In more recent years, the humanitarian situation in Cameroon continues to grow dire, especially with the impact of COVID-19 in 2020, which led to the closure of businesses.
There has been a persistent rise in the level of insecurity in the Northwest and Southwest regions, with ongoing invasions of armed groups in the Far North, conflicts over natural resources like water and pastures, and floods in the Far North, North, and Western regions. These actions continue to have a severe impact on food security.
Recent findings by the Cadre Harmonisé in October 2023 show that 2,940,807 people, constituting 10.6 per cent of Cameroon’s population, are facing acute food insecurity. The Mid-Year Update for the 2023 Global Report against Food Crises reveals that 2 per cent and 10 per cent of the population are, respectively, in phases 2 and 3 of acute food insecurity in 2023. This marks a substantial escalation compared to 2022, where only 11 per cent were in phase 2, and in 2021, the figure stood at 10 per cent.
Between June and August 2023, approximately 2.36 million people, resulting in 9 per cent of the analysed population, were anticipated to experience a crisis or worse situation, reaching phase 3 or higher in IPC/CH. Moreover, as of December 2023, the prevalence of adaptation strategies relying on food during a crisis or higher-than-crisis scenario in Cameroon stood at 36.96 per cent, while the prevalence of insufficient, poor, and borderline food consumption was at 40 per cent.
Clearly, insecurity and conflict are the main drivers of this food insecurity.
Adverse Effects And Adaptive Measures
Up to 117,738 refugees and people displaced by conflicts and floods are reported to be unable to produce food or access humanitarian food aid. It is also likely that 992,094 individuals continue to face a crisis situation (IPC phase 3). The implication is that many of these individuals are forced to steal crops, fostering distrust and escalating violence within communities.
In the Far North region, residents have resorted to borrowing and selling their remaining productive assets to cover essential non-consumable expenses like school fees or medical care.
In the Northwest and Southwest regions, there is a decline in household incomes, and the lack of opportunities for agricultural activities due to limited land access forces many households to jeopardise their autonomy.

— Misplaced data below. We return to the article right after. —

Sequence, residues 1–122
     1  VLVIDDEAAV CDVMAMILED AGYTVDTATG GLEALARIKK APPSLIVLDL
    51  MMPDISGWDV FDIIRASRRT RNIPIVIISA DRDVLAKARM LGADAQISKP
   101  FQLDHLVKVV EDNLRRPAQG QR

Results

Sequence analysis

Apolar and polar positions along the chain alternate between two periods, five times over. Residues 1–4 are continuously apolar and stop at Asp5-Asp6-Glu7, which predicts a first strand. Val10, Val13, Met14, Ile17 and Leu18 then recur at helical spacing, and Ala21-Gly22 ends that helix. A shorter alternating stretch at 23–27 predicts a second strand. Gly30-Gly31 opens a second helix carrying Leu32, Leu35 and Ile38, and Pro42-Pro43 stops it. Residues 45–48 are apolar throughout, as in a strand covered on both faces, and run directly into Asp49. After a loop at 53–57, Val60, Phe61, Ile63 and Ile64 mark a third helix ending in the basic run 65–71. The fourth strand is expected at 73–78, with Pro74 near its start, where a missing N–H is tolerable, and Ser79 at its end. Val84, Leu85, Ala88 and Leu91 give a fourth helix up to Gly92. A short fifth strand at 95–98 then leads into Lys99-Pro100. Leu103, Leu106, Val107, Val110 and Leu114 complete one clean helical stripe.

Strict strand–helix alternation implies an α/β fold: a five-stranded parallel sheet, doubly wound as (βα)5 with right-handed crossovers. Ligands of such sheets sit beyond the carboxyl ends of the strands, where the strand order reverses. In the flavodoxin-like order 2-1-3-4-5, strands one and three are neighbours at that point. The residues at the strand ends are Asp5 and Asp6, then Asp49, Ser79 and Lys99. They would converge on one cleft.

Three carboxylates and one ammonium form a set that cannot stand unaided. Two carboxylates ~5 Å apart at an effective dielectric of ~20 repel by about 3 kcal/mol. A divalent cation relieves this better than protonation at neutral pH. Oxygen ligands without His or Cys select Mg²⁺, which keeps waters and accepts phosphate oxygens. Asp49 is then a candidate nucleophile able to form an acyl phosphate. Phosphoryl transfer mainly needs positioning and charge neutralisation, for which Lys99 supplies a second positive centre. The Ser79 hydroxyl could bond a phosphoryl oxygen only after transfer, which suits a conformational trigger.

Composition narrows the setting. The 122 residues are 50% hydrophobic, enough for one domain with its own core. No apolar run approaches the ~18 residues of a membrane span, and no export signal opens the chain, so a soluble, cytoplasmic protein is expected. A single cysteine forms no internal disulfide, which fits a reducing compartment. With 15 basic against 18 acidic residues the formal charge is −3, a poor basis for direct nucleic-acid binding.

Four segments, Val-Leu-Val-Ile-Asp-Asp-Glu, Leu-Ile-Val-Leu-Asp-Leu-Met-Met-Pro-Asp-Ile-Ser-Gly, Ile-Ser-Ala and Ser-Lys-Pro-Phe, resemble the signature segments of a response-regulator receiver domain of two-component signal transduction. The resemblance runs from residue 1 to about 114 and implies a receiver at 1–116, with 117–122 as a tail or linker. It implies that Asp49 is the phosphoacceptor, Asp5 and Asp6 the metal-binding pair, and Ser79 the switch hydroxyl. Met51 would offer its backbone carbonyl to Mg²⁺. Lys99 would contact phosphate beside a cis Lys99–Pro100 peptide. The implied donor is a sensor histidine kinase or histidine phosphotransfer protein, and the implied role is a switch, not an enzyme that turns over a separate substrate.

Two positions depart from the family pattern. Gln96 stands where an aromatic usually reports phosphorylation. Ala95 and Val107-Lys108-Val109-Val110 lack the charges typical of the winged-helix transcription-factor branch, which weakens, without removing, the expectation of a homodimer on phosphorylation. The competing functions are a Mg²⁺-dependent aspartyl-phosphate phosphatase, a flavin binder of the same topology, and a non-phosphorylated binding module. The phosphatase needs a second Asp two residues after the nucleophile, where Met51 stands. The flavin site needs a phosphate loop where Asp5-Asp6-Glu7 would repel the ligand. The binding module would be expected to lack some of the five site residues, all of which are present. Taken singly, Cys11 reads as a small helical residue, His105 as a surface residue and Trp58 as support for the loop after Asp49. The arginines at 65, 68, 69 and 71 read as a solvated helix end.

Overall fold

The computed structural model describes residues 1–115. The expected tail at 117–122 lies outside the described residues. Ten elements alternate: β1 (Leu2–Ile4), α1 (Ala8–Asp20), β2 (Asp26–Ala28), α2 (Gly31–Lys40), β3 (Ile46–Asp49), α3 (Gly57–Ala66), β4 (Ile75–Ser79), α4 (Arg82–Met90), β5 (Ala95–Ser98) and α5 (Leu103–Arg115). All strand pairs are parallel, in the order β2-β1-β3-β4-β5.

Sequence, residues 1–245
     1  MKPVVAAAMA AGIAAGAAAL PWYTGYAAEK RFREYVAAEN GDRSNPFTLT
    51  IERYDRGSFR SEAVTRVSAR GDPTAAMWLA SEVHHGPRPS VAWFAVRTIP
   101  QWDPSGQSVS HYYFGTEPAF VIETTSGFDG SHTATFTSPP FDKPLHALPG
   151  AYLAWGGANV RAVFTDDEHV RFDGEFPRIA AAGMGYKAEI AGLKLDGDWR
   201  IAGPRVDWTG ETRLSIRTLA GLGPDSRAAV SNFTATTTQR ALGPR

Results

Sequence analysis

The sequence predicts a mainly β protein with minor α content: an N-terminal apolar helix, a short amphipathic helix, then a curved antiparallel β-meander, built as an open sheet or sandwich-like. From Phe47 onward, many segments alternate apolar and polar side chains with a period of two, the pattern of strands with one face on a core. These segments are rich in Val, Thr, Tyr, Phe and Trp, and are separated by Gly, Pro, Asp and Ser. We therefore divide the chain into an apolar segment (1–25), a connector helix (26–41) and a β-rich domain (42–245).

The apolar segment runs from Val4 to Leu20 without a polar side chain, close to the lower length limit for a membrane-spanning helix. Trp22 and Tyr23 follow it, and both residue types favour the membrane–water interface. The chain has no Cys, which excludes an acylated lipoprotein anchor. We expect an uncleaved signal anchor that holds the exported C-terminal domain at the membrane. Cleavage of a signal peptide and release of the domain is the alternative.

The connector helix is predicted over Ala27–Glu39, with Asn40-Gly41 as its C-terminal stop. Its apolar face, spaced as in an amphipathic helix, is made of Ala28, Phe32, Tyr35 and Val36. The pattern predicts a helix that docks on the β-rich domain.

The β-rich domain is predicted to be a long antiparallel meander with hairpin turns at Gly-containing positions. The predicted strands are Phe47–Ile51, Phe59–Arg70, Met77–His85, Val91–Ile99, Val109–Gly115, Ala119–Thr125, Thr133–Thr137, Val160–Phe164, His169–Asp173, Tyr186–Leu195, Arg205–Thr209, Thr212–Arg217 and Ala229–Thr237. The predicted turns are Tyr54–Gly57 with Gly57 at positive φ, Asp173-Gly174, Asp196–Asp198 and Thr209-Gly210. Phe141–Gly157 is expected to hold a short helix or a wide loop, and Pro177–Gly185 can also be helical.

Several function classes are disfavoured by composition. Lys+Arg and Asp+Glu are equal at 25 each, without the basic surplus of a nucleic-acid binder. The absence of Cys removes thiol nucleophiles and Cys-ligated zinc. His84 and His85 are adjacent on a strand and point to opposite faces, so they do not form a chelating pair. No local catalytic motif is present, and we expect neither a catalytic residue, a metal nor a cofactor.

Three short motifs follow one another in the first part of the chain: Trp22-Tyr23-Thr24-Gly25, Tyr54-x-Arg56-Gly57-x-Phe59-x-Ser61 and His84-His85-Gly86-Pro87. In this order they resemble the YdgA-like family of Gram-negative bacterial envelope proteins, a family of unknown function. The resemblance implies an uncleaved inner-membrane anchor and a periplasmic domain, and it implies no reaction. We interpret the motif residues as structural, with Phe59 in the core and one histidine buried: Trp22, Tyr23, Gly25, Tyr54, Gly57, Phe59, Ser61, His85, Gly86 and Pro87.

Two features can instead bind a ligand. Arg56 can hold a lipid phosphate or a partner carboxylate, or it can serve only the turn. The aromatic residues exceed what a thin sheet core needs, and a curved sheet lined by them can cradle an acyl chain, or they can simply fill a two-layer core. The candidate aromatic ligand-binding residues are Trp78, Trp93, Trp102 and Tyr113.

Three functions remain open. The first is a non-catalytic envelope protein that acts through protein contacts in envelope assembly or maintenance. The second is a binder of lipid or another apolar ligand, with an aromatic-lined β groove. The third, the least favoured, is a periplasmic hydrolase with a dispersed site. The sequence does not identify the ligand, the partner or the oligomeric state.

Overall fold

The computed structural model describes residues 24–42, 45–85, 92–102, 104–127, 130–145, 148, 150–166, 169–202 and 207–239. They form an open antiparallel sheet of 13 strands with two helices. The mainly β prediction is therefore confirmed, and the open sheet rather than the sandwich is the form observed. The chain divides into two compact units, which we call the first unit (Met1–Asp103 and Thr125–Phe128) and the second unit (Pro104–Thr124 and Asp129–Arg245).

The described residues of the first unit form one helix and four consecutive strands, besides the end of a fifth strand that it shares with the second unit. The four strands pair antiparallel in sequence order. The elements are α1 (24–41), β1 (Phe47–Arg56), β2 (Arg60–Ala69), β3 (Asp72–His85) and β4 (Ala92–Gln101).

In the East region, the food insecurity situation has been significantly impacted by the influx of refugees from Central Africa. Additionally, the reduction in WFP rations, as implemented in 2022, puts the population, especially women and children, in an extremely vulnerable situation, increasing their exposure to food insecurity and malnutrition and risking exacerbating conflicts in fragile localities where refugees and host communities share already limited resources and services.
In these dire conflict situations, where displacement and land access are heavily restricted, inter-communal tensions are escalating, and protection risks for women and children are significantly worsening, more families are compelled to adopt harmful adaptation mechanisms. Children are withdrawn from school, girls are forced into early marriage, men are coercively recruited, and women are at a higher risk of sexual violence.
The National Institute of Statistics (INS) reported an increase in inflation from 6.3 per cent in August 2022 to 7.8 per cent in August 2023, which exceeds the 3 per cent threshold set by the Central African Economic and Monetary Community (CEMAC).
Although the government has made efforts to control the rate of inflation, like putting a ban on the exportation of cereal in December 2021, food prices haven’t relented. There is a significant increase of 13.3 per cent. Imported food items such as rice, wheat, and refined oil have also continued to rise, surpassing the previous year’s average and even the five-year average.
Recent data by the FEWS NET Cameroon Food Security Outlook (October 2023 – May 2024) reveal that in September 2023, sorghum and maize prices in markets like Maroua, Mora, Kaele, and Yagoua were over 50 per cent higher than the previous year, and nearly 70 per cent higher than the five-year average. Similarly, maize prices in Buea, Bamenda, and Kumba were 10 to 19 per cent higher than the previous year and significantly higher than the five-year average.
Support Our Journalism
There are millions of ordinary people affected by conflict in Africa whose stories are missing in the mainstream media. HumAngle is determined to tell those challenging and under-reported stories, hoping that the people impacted by these conflicts will find the safety and security they deserve.
To ensure that we continue to provide public service coverage, we have a small favour to ask you. We want you to be part of our journalistic endeavour by contributing a token to us.
Your donation will further promote a robust, free, and independent media.Donate Here